Scotland’s chronic public finances could be enough to double income tax bills after independence, former Prime Minister Gordon Brown has warned.
The erection of border posts between Scotland and the rest of the UK would also be “unavoidable” under Nicola Sturgeon’s plans to retain freedom of movement with the rest of the EU.
The First Minister is preparing to unveil her long-awaited summer independence push later this week.
But last week official GERS figures revealed the oil crash left Scotland with a £14.8 billion deficit between public services and taxes raised to pay for them.
The former Kirkcaldy MP called for a new “home rule” deal for Scotland in the aftermath of the Brexit vote and warned the post-referendum tax and welfare powers coming to Holyrood now do not go far enough.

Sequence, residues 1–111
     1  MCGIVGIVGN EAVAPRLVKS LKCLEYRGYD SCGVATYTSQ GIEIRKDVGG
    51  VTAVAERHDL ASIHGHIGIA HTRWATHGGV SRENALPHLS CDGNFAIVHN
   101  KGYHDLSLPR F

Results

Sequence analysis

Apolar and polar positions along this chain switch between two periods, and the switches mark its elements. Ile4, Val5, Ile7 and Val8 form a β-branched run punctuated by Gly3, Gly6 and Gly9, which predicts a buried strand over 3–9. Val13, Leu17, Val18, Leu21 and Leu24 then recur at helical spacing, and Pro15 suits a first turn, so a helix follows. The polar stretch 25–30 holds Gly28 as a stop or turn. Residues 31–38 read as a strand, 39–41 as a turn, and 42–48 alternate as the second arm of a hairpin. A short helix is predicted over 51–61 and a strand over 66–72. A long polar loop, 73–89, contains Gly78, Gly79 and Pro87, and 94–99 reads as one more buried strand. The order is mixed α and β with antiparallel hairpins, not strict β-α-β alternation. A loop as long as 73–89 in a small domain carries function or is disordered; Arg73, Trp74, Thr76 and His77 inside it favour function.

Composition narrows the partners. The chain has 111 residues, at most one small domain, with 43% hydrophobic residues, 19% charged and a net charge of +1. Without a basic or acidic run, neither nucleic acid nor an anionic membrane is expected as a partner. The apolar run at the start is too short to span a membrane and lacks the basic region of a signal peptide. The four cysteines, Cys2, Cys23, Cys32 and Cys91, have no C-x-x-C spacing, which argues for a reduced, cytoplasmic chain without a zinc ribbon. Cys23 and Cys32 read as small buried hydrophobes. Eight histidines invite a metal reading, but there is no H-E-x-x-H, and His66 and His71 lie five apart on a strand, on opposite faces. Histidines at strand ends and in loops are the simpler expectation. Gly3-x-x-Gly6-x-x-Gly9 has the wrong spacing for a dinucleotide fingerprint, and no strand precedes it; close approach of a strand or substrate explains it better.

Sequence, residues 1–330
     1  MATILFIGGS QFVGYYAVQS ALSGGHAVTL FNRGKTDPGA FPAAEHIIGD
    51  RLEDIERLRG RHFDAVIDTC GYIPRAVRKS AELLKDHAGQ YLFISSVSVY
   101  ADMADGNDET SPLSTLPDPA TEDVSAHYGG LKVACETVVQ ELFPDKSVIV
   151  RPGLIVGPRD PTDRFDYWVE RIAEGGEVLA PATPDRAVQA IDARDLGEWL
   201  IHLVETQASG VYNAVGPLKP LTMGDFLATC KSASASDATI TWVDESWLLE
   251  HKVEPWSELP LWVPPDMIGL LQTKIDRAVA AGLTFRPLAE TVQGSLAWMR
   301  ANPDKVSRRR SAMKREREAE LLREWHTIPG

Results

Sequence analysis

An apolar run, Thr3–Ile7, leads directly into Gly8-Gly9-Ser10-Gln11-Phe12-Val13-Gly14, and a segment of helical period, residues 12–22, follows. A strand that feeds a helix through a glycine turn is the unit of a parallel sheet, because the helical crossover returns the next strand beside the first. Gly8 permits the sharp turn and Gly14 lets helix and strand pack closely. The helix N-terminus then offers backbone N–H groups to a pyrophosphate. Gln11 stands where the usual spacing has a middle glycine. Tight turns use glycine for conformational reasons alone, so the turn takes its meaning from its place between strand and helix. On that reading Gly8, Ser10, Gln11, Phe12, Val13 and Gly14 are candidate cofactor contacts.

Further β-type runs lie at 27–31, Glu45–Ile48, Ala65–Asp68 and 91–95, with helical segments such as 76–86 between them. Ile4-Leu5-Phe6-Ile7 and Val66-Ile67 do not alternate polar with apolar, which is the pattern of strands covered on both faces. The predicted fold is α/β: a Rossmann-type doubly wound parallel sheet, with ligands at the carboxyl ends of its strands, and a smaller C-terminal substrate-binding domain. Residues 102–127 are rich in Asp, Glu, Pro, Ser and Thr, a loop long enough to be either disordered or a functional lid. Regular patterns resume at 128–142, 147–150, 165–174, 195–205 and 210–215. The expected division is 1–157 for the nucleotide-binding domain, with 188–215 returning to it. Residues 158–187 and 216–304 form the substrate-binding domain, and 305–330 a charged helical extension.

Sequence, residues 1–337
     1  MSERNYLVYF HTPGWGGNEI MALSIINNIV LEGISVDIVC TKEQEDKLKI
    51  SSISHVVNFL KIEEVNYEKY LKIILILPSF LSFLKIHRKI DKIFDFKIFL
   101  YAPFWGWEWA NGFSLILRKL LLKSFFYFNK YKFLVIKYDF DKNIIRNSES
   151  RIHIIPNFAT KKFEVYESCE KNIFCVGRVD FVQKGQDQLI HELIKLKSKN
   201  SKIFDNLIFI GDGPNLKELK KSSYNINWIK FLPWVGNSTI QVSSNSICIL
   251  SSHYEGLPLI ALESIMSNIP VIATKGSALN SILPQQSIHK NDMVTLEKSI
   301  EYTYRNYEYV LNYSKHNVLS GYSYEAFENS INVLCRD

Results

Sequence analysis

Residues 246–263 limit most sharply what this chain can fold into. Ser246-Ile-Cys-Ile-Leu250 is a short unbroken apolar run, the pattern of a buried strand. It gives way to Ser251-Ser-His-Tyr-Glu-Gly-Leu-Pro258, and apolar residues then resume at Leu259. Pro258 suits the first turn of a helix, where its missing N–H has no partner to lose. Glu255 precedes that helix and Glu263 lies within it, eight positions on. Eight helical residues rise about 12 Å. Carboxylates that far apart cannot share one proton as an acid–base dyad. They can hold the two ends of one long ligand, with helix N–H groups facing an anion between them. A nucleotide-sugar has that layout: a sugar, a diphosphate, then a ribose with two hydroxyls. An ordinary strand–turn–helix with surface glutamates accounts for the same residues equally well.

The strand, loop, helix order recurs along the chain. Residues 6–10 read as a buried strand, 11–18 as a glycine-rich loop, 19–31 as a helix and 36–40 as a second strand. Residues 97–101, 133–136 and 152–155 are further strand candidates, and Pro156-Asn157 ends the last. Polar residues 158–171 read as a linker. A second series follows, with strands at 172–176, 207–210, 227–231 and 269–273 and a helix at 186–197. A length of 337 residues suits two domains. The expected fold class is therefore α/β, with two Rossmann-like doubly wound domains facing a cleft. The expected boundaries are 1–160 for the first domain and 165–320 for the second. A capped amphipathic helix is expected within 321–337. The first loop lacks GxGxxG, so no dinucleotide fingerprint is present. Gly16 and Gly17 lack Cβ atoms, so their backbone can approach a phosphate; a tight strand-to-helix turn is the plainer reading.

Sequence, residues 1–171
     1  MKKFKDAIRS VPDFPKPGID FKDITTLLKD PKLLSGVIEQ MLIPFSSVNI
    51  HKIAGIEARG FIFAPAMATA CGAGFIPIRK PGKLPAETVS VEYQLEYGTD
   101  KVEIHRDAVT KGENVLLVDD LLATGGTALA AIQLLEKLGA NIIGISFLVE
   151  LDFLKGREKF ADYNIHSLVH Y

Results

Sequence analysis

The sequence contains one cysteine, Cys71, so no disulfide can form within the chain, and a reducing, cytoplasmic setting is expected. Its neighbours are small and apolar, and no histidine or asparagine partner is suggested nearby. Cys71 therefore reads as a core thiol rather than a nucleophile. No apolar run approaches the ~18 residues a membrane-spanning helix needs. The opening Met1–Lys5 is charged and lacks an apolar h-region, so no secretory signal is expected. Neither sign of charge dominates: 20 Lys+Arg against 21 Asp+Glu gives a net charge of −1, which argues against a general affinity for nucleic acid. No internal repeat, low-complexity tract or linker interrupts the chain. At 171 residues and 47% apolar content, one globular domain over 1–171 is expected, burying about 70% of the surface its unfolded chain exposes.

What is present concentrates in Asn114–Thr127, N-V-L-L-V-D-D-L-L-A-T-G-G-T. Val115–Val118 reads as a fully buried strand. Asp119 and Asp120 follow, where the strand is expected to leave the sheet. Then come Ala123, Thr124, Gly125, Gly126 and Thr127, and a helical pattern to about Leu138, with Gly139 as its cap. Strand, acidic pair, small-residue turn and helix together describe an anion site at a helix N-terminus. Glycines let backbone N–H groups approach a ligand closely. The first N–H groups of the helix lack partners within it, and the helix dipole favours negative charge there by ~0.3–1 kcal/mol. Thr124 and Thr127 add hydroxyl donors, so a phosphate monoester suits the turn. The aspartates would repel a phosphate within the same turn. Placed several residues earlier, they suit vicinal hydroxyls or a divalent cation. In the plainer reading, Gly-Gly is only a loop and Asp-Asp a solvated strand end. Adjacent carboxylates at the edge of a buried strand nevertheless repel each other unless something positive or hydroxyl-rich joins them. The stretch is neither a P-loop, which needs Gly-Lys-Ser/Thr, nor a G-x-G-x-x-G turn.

Mr Brown said: “I don’t think they have any solution to the fiscal gap which is around £15 billion – big enough to double the rate of income tax in Scotland if you wanted to maintain the level of services.”
But David Torrance MSP for Kirkcaldy countered Scotland’s fiscal position would change under new constitutional arrangements brought about by independencee and would involve a “range of factors which were not reflected in last week’s GERS publication”.
He added: “The idea that an independent Scotland would double income-tax is so obviously fanciful that it’s difficult to take this intervention seriously – and as a former Chancellor Gordon Brown must understand how ridiculous this claim is.”